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Re: Glasgow Railway Termini

Postby Charlie Endell » Wed Dec 03, 2008 8:48 pm

I was sent this link HERE

The last page of "People & Places" in the Urban Glasgow Collection has two photographs of St Enoch Sq. post hotel and station but pre greenhouse - it's enough to make you weep! My earliest memory of Glagsow (very vague - I was born in '69 so I reckon it would have been 1974 / 75) was of my grandfather taking me into the city centre and parking on the platforms of St Enoch station (I just remember the vaulted roof and not much else). I totally agree with dl69 - the hotel at least should have been renovated to maintain a "face" to the east side of the square. To think of all the bland hotels that have been built in the city since the destruction of this gothic masterpiece; a total waste. I would love to meet the persons in the planning department who were responsible for the decision and ask them to justify it.
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Re: Glasgow Railway Termini

Postby Anorak » Tue Jan 06, 2009 12:04 pm

I’ve been having a look at the lines from St Enoch and Central after they met up on the way towards Paisley.

The two bridges at West Street carry the lines from each of the main line stations.

Image
This birds-eye view is looking down West Street towards the river. The track at the top is from Central, the track at the bottom was from St Enoch.

Image
This view is looking east with the entrance to West Street subway station top left. The track on the left is heading for Central and the track on the right for St Enoch.

Image
Under the low bridges at West Street, which are supported by cast-iron columns that look pretty ancient. I vaguely remember a double-decker bus ploughing under one of the bridges a few years back.



After the lines met up, the first stops for the trains from both stations were at Shields Road. Here each company seems to have had their own station. There were three parallel stations; Pollokshields, Shields Road and Shields, each with their own booking office and waiting rooms. Dr Beeching would have loved this one!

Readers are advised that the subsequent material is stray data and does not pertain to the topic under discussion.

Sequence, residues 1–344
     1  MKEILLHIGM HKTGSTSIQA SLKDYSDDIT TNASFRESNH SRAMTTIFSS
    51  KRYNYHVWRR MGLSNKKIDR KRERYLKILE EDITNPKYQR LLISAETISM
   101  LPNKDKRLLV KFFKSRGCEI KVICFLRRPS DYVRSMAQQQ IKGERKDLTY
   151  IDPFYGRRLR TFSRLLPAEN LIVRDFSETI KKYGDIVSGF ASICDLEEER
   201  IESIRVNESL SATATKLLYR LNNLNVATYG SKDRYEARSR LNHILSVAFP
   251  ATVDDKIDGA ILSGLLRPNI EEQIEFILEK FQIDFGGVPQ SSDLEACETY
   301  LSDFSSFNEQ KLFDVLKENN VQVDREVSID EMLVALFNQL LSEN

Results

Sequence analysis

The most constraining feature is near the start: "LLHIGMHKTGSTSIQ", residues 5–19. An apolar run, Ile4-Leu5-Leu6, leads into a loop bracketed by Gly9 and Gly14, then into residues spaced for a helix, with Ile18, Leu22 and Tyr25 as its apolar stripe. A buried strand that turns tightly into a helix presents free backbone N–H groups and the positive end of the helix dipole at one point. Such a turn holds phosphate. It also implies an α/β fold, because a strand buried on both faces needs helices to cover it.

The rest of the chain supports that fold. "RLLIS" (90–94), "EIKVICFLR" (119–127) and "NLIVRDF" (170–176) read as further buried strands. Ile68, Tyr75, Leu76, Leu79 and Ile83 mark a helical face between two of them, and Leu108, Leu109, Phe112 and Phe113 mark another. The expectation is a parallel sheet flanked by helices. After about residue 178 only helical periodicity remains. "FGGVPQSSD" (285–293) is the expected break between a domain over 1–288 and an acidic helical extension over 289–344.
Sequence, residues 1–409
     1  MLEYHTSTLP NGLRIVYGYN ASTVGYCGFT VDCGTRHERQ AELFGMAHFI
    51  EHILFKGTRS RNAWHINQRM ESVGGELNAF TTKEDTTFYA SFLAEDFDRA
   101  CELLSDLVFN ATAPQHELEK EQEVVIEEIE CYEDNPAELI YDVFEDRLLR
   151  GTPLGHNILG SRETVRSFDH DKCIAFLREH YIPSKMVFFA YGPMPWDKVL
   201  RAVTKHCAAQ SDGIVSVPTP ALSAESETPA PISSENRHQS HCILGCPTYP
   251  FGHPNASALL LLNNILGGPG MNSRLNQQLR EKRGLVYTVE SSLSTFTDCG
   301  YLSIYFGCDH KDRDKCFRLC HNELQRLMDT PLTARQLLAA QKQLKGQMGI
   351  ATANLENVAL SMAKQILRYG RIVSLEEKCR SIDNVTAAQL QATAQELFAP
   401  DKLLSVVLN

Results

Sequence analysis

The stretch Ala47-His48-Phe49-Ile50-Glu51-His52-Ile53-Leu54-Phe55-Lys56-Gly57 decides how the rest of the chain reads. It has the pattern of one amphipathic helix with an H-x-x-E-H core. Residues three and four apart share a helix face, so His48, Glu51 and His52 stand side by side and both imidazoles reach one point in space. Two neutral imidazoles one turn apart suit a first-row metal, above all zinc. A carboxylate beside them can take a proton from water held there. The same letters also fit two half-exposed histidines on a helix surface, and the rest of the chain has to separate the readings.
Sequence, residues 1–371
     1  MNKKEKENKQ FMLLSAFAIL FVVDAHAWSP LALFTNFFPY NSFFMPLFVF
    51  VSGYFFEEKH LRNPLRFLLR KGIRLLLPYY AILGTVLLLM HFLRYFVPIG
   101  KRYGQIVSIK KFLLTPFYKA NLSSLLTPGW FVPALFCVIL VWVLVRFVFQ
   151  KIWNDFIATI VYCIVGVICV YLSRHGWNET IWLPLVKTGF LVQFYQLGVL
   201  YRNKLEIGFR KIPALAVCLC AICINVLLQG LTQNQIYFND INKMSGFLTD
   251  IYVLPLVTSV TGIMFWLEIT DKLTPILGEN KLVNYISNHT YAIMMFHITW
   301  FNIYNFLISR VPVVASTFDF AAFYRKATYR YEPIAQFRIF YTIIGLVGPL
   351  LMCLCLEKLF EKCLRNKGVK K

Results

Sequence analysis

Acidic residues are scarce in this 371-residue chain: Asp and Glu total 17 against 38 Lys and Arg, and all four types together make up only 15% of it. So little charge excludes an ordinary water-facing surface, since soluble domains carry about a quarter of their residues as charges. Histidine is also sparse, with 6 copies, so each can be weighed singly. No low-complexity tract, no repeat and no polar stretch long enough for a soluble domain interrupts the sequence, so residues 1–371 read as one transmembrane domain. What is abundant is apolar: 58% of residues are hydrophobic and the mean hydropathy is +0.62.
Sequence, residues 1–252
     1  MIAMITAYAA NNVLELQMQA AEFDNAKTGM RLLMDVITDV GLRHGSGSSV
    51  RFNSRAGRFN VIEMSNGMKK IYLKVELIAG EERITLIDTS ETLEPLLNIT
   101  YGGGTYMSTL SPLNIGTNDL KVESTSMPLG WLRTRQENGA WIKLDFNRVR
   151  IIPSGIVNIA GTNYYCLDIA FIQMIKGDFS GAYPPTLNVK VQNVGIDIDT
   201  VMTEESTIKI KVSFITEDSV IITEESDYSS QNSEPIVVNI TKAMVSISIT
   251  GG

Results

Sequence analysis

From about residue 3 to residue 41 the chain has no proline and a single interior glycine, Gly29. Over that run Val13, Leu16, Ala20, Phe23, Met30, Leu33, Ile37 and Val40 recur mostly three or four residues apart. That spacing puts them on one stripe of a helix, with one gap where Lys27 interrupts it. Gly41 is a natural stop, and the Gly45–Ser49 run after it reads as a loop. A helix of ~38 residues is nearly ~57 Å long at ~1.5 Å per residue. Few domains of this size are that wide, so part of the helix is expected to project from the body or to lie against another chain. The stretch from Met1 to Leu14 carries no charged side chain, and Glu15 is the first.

Image


Image
If all the companies managed to operate from two city termini, why would they need such a multitude of adjacent stations a mile or so down the line?
Doesn’t seem particularly user friendly if you were heading to town. I think I would have ignored them all and went to Shields Road Subway station!

Image
Found a remnant of one of the platforms, with a Paisley bound train approaching.
Don’t ask me which station the platform was for!
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Re: Glasgow Railway Termini

Postby Alycidon » Tue Jan 06, 2009 8:49 pm

I did an analysis of the Shields Junctions for my own amusement a while ago, there are some fantastic photographs of the complex in W.A.C. Smiths book - An Illustrated History of Glasgow's Railways

The current route layout
Image

Pre-Nationalisation
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Re: Glasgow Railway Termini

Postby aland » Wed Jan 07, 2009 10:53 am

interesting track plans there deltic9 surprising how little is left

out of interest they electrified the burma road (dive under at shields jnc) i have yet to see anything leccy use it as unless they have relaid the curves on the dive under they were too tight for passenger stock to use. i know on diesel hauled charters they crossed at shields and went donwn the rabbit hole. if anyone is interested on the hunterston to longannet can ride video by locomaster profiles you go down the burma road